MJ, I hadn’t thought about the editors, but now that you mentioned them, I’m mad at them also!

      I always give my established favorite authors at least one chance to redeem themselves, but when the author is new-to-me, I’m just not sure whether I should continue with her. I REALLY enjoyed the rest of the book.

      Let us know if you are going to continue reading the author of the “kidnapped” mystery. Not reading 125 pages and still getting the whole gist of the plot makes me wonder just how much fluffy padding the author had going there!

      • MJ says

        It’s unlikely I’ll go back and read the missed pages, since I know the outcome of the mystery. In all fairness to the author, I don’t think she filled the pages with fluff. I missed clues along the way, but (in this case) that was all right with me.

        Authors sometimes tie in an ‘informative’ sub story to their books. When I read the acknowledgements (which I always do) at the end of this book, I realized this is what she did. For example an author through a character might develop a story about spousal abuse. She/he might go into detail about signs to watch out for, etc. over several chapters. This author did just that (not about spousal abuse, though). Normally, I find these side topics interesting/educational, especially if I know nothing about it. I glanced at the ‘other story’ and thought it might have been interesting, but by this time, I was done with the book!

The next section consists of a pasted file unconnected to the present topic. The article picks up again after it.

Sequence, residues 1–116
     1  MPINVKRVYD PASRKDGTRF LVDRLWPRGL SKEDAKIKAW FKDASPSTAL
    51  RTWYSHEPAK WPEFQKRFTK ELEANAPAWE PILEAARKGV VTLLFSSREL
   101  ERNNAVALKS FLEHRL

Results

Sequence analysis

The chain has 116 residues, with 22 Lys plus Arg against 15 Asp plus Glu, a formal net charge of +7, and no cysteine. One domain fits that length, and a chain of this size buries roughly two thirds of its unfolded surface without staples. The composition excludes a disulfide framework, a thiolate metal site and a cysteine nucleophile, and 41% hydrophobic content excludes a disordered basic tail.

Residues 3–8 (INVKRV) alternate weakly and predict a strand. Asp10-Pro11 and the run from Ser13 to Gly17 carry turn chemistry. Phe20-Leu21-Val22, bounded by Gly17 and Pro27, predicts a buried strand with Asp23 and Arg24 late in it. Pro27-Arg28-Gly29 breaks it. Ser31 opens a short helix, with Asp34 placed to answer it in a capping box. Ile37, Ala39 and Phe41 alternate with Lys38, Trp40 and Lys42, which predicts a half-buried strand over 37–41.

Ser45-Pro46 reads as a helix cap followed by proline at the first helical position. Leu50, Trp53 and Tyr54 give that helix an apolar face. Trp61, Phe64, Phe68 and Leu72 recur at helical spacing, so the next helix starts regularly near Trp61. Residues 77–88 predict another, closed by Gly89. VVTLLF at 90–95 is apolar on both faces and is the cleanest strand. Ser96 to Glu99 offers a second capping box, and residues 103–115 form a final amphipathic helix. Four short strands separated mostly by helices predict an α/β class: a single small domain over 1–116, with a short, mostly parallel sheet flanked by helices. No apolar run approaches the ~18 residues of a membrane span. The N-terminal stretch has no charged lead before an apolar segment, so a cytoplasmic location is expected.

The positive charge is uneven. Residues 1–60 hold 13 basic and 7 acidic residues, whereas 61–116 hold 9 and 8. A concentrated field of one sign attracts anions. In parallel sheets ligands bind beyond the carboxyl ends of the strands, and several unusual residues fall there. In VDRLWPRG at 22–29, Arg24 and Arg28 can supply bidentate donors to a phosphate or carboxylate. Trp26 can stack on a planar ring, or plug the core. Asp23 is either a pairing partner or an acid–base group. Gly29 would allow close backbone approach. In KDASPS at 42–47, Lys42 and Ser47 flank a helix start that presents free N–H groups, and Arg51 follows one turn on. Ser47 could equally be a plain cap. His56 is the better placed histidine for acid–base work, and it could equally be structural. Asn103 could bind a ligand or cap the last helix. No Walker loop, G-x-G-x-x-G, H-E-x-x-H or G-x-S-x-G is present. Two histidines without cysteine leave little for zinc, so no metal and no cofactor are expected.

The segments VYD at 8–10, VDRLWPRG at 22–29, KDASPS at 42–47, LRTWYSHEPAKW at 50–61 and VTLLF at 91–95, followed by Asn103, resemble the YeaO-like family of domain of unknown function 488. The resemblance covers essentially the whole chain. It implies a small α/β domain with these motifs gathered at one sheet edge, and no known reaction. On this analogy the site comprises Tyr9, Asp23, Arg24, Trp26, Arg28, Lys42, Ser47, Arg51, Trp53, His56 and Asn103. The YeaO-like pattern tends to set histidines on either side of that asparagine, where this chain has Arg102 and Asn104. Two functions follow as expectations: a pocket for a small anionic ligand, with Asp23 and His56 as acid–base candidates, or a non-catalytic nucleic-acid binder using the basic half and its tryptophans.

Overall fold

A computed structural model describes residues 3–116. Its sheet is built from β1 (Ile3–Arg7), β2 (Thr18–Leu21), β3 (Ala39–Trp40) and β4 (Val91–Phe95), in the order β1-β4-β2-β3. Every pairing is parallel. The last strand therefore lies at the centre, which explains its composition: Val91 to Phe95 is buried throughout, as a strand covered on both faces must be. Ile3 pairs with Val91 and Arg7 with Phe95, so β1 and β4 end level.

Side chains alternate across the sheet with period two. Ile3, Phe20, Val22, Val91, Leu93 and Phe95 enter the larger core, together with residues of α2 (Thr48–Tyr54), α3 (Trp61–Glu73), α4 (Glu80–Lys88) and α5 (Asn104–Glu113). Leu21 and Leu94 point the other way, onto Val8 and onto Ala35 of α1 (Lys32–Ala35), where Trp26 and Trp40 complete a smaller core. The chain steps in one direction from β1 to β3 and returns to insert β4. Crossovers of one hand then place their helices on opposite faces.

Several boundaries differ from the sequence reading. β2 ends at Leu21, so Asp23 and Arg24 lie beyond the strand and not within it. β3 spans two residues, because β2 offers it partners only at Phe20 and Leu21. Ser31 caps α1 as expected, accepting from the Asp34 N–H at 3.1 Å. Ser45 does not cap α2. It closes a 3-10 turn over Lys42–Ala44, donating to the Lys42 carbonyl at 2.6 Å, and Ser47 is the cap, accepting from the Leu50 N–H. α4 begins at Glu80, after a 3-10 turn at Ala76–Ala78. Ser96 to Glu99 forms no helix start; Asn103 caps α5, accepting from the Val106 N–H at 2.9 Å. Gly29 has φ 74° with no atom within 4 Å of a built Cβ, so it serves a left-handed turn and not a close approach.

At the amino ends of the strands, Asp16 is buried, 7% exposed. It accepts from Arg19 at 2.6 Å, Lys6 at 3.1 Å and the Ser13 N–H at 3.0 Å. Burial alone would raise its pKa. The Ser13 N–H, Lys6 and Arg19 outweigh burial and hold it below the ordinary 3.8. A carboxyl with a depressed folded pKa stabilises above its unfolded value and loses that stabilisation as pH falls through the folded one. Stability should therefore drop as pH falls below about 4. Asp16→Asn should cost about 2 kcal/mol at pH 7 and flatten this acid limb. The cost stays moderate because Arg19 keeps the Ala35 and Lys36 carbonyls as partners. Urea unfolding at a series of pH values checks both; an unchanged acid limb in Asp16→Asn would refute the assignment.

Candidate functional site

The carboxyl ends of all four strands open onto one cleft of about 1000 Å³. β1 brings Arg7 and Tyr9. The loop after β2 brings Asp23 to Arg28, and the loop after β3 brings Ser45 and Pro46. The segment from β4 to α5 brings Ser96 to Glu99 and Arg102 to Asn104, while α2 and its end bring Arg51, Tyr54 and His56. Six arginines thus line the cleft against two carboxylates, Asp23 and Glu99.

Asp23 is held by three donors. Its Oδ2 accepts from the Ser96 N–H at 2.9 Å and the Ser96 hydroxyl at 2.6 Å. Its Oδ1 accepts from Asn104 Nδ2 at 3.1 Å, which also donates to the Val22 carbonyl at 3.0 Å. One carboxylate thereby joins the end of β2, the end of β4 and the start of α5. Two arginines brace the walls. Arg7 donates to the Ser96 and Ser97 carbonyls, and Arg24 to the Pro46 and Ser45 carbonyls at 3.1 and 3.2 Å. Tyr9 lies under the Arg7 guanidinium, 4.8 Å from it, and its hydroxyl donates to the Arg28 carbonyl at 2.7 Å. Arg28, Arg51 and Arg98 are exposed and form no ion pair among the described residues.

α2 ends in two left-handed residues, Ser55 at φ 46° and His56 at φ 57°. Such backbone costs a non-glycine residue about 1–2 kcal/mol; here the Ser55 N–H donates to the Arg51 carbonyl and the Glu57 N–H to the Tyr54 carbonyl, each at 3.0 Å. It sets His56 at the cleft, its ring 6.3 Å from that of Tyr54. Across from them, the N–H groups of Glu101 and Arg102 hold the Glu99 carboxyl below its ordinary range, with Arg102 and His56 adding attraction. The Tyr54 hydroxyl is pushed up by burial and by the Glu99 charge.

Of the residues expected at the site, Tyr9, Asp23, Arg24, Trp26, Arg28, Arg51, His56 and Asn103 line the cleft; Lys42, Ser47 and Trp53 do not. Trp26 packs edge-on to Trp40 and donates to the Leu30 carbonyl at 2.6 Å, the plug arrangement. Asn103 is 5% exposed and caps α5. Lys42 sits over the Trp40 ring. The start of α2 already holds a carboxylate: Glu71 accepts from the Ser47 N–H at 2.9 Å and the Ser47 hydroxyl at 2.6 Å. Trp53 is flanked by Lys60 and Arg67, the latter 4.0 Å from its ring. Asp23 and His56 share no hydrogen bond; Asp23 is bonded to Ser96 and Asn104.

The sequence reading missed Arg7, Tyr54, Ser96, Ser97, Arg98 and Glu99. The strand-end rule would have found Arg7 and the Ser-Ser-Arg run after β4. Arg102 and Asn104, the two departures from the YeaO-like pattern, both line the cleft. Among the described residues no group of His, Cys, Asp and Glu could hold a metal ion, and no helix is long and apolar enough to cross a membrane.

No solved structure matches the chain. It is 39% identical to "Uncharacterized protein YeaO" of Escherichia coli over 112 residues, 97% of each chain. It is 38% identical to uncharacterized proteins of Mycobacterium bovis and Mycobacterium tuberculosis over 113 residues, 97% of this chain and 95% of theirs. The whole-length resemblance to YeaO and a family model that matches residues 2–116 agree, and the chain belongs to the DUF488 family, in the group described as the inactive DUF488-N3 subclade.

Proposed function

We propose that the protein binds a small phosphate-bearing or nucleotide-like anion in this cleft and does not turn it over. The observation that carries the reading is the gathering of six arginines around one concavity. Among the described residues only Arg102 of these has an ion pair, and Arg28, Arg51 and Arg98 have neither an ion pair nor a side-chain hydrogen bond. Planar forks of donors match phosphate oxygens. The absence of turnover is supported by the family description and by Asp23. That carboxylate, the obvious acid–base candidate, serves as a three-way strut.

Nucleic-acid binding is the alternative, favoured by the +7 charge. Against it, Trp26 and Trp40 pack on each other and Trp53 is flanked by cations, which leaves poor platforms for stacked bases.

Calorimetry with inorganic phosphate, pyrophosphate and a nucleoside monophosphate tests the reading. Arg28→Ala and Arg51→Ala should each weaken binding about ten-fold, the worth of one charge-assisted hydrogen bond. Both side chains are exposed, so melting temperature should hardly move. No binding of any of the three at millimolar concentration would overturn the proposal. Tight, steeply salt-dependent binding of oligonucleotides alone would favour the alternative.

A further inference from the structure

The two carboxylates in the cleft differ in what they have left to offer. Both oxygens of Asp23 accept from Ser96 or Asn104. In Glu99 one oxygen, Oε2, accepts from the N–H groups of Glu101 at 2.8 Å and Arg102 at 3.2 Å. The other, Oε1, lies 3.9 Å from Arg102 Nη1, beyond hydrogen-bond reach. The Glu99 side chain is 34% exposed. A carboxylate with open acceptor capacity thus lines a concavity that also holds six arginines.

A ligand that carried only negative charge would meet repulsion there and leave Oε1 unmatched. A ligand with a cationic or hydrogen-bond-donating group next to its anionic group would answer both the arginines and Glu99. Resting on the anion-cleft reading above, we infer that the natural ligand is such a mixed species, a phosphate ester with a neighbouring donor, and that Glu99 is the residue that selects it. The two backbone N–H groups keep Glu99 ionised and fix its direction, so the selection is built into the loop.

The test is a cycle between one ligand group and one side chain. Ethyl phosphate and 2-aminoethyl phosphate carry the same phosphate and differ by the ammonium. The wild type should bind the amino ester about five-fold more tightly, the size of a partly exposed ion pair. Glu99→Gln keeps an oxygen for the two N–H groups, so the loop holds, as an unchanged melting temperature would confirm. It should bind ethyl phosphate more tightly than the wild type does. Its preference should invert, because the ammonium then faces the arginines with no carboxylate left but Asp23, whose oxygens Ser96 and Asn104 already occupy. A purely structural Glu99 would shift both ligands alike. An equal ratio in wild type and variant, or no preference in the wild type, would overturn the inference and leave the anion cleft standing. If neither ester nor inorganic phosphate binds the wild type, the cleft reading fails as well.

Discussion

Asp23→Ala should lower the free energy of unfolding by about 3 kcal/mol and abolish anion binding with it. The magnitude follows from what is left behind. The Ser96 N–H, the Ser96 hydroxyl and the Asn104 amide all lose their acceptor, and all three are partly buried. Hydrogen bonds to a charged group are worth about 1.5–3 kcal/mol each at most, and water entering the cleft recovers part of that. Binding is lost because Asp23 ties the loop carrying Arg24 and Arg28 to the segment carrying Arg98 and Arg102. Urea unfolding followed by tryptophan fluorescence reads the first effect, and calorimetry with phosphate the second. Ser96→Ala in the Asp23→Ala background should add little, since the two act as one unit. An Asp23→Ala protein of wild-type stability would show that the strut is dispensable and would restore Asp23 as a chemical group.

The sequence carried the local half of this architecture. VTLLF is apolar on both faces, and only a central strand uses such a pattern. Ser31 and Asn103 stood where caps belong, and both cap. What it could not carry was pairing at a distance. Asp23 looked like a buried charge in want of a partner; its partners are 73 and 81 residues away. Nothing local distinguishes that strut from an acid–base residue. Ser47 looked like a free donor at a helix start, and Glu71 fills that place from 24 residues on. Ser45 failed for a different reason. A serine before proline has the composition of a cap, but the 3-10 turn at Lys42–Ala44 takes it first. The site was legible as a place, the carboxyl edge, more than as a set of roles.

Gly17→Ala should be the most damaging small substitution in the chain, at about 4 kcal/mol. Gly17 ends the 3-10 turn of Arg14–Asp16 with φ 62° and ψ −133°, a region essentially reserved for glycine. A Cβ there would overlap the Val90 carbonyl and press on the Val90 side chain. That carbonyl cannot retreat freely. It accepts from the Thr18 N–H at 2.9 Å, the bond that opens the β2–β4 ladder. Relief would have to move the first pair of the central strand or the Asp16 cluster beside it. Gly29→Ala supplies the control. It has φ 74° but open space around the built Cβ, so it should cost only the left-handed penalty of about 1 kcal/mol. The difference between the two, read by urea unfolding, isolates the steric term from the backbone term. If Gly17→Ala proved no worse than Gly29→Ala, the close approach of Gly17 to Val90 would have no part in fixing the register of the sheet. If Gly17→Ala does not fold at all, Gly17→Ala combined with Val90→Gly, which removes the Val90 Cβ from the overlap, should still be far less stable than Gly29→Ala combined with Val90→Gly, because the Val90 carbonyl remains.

By the way, since we’re talking about ‘endings’, the last few chapters of this book are very measured with several twists and turns and even surprises…..but NO rushed ending!

        • Danna - cozy mystery list says

          MJ, I’m exactly the opposite of you, when it comes to educational side-stories. I know that a lot of authors want to inform, but when I read a Cozy Mystery, I want just that, a Cozy Mystery, and not a tutorial. If I want information, I know where I can find it.

          (I’m going to write this down as a future entry topic. It might be interesting to see how others – beside you and me – feel about the side-story in a Cozy Mystery.)

  2. marion says